"I'm prolife. I'm not going to apologize for becoming prolife. Ronald Reagan followed that same course, as did Henry Hyde and George Herbert Walker Bush. And I'm proud to be prolife."
Mitt Romney on Wednesday, December 12th, 2007 in debate in Johnston, Iowa
Their shifts were less stark
He cites three prominent Republican figures to make his case, but their shifts are far less stark than his. Let's take them one at a time.
We examined Romney's abortion record here. After supporting abortion rights early in his political career, he changed his mind after meeting a stem-cell researcher in 2004.
As governor of California in 1967, Ronald Reagan signed into law a bill legalizing "therapeutic" abortions, defined as those approved by medical staff where there is substantial risk to the physical and mental health of the woman, or the pregnancy is the result of rape or incest.
Biographer Lou Cannon, in his 2001 book Ronald Reagan: The Presidential Portfolio, writes that it was a difficult decision.
"Reagan did not know what to do," Cannon writes. "His staff was divided (also largely on religious lines), and he was lobbied heavily from both sides. … After several days of indecision, Reagan reluctantly signed the Therapeutic Abortion Act. After he recognized its consequences, he became an opponent of abortions, except to save the life of the mother or in cases of rape or incest."
Thirteen years later, Reagan ran for president under a platform that included strong opposition to abortion.
Now, the case of Henry Hyde: In the early 1970s, in the Illinois legislature, he initially was receptive to a colleague's request that he co-sponsor a bill relaxing the state's ban on abortion. But after he read up on the issue, he declined.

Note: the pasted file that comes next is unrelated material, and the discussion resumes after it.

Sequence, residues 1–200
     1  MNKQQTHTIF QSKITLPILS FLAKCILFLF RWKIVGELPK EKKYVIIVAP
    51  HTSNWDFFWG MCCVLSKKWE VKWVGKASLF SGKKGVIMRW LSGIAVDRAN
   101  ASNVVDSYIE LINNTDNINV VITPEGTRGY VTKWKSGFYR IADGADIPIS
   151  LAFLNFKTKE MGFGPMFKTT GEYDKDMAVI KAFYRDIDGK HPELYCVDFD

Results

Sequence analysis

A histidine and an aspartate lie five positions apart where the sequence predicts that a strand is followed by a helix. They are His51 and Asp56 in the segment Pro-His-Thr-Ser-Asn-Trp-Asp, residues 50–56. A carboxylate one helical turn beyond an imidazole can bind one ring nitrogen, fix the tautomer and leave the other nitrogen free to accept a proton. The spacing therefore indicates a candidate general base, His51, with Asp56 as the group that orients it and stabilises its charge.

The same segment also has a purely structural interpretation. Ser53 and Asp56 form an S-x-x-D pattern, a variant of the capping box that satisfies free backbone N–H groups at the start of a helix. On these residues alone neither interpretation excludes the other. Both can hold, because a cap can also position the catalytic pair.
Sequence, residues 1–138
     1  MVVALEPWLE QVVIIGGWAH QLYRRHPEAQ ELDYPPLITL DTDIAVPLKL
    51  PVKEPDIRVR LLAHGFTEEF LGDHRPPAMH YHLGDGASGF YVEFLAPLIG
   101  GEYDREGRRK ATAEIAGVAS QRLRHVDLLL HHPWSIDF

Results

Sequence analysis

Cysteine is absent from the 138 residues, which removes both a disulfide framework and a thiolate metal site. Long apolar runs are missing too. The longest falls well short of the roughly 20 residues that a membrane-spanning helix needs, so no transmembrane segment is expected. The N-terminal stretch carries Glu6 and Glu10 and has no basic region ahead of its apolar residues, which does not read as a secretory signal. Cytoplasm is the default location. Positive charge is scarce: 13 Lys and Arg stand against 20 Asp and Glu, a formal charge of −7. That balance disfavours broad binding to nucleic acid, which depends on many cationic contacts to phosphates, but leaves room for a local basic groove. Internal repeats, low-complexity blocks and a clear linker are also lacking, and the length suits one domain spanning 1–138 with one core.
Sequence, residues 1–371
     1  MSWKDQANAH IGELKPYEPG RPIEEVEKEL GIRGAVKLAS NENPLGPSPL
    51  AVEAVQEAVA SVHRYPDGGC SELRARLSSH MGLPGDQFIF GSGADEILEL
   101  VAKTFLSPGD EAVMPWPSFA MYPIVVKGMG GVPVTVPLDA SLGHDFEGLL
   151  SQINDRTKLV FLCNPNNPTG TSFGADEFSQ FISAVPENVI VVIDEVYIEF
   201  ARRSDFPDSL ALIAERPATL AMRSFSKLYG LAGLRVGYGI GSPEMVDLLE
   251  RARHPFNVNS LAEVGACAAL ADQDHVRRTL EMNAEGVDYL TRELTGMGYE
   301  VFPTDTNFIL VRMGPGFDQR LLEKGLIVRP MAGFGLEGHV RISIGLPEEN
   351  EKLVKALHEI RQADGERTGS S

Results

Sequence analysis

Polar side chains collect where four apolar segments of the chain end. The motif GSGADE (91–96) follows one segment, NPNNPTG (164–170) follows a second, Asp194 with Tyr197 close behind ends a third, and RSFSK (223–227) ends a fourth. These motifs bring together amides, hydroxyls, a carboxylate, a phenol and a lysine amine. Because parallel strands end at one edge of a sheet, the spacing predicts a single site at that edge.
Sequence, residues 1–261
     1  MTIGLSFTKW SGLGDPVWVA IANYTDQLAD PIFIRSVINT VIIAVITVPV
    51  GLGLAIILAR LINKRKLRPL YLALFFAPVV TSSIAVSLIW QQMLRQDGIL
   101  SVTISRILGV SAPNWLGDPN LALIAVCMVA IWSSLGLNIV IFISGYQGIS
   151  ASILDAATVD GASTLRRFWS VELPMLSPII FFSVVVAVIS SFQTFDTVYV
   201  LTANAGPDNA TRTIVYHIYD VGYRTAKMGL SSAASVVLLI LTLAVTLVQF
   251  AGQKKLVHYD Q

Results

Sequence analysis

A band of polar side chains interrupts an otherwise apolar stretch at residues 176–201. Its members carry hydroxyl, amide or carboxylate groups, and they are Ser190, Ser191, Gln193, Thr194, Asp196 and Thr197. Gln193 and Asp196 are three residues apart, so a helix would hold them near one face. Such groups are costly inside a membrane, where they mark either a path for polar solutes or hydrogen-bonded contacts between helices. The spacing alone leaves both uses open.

"I had never really thought about abortion, so I read the bill and read a book: The Vanishing Right to Live , by Charlie Rice. I became convinced that abortion was an evil," Hyde says in a 2006 National Review article, "Hyde in Winter," by John J. Miller.
Hyde did not support the bill, rather he helped defeat it. As he went on to Congress, he became a strong abortion opponent, winning passage in 1976 of what became known as the Hyde Amendment, which bars the use of federal funds for abortion.
George H.W. Bush's position on abortion was an issue as Reagan considered him as a running mate in 1980.
"While he personally opposes abortion, he is against passing a constitutional amendment to make it illegal," a Newsweek article said of Bush that year.
Reagan, running on a strict antiabortion platform, needed a vice presidential candidate who was right there with him. Richard Allen, Reagan's foreign policy adviser at the time and later national security adviser, writes about the angst in the Reagan camp in an article for the New York Times .
" 'There's Bush,' I suggested, half expecting him to close off the discussion. Instead he paused and then said, 'I can't take him; that "voodoo economic policy" charge and his stand on abortion are wrong.' "
Allen goes on to say that Bush was approached by Reagan himself about whether he could pledge to support the platform. That was the beginning of Bush's unwavering antiabortion support.
Planned Parenthood says Bush "turned his back on reproductive health care to be Reagan's running mate," while the National Right-to-Life Committee endorsed him for president in 1988.
So, where does that leave us? Reagan had an abortion-rights moment early in his career. Hyde briefly considered backing the abortion-rights bill of a colleague. Bush at one time opposed outlawing abortion.
Still, it's difficult to compare records on this issue because of the way the political landscape and dialogue has changed over the years.
None of the three politicians Romney cites made so clear a change as he did, but he's not entirely wrong either. We rule Romney's statement Half True.